The first part details the competition between Alovisa and Amena, two upper-class young women of disparate wealth, for D'Elmont's attentions. The narrator specifically mentioned the "custom which forbids women to make a declaration of their thoughts." That women were not permitted to express their affections or choice until a suitor formally proposed marriage is important to both the plot and the theme of the novel. Alovisa writes an unsigned letter to D'Elmont in hopes of eliciting a definite amorous response from him, which inadvertently leads D'Elmont to court Amena. Amena's father refuses to allow his daughter to continue meeting with D'Elmont without a proposal of marriage, which forces the pair to meet via subterfuge. With the help of Anaret, Amena's woman servant, two attempts for the pair to meet are made, the second of which sees Amena and D'Elmont alone in the Tuileries at night. The two are compromised by the intervention of Alovisa's servant, Charlo, who awakens Amena's household. Amena is eventually conducted by D'Elmont to Alovisa's residence. Alovisa feigns desire to help the pair by allowing them to meet in her apartment; however, Alovisa agrees with Amena's father (unbeknownst to Amena) to help ship Amena off to a convent in the countryside. Amena discovers Alovisa's designs for D'Elmont's affections when D'Elmont mistakenly slips her one of Alovisa's letters, which results in her begging to be sent away as soon as possible. D'Elmont, in the meanwhile, has left to receive his brother, Chevalier Brillian. During the course of their conversation, it is revealed that the Chevalier has fallen in love with Alovisa's sister Ansellina (who resides in Amien). The first part concludes with a mutual decision by Brillian and D'Elmont to marry the sister-pair Alovisa and Ansellina with love, status, and wealth as motivations for the respective matches.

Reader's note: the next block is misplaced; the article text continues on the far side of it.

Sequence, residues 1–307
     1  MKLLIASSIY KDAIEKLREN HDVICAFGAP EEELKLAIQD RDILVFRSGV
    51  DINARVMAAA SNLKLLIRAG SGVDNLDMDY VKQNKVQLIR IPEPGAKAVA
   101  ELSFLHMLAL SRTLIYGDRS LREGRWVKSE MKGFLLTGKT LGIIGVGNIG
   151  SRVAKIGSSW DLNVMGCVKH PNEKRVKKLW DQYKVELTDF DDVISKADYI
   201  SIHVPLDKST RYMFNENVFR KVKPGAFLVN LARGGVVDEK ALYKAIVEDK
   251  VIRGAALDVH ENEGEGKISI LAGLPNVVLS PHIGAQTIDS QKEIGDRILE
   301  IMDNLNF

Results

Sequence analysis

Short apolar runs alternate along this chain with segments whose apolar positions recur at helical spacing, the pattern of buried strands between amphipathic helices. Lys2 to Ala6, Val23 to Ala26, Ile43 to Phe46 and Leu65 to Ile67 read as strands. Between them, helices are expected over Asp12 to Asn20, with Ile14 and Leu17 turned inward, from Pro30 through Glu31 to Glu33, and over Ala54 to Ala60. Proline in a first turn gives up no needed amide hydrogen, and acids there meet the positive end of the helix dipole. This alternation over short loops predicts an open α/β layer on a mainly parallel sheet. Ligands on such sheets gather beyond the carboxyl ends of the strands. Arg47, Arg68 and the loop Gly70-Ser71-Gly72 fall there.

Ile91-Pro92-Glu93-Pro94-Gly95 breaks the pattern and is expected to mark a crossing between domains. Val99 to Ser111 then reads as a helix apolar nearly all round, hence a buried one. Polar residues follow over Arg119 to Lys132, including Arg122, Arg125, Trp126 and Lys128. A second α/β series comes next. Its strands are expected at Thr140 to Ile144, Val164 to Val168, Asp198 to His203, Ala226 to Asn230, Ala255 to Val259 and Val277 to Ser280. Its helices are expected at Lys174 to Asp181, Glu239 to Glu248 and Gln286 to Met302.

Part the Second deals with D'Elmont's falling in "true" love with Melliora, a girl entrusted in his care. D'Elmont ends up nearly raping the loving but resisting Melliora; meanwhile, D'Elmont's friend, Baron D'Espernay, falls in love with D'Elmont's wife Alovisa. A climax scene leads to the death of the Baron and Alovisa and D'Elmont's self-exile.
D'Elmont ends up in Italy in Part the Third, endlessly yearning for Melliora - who in the meantime has been kidnapped from the convent to which she was sent after Part the Second. In Italy, D'Elmont happens to meet Frankville, Melliora's brother. D'Elmont helps Frankville flee Italy with his forbidden love Camilla; the two women in Italy who have fallen in love with D'Elmont (Ciamara, the lusty "bad" woman; and Violetta, the chaste "good" woman) both end up dead. The survivors - D'Elmont and Melliora; Frankville and Camilla; Melliora's kidnapper and Charlotta, a girl he loved before Melliora - all marry.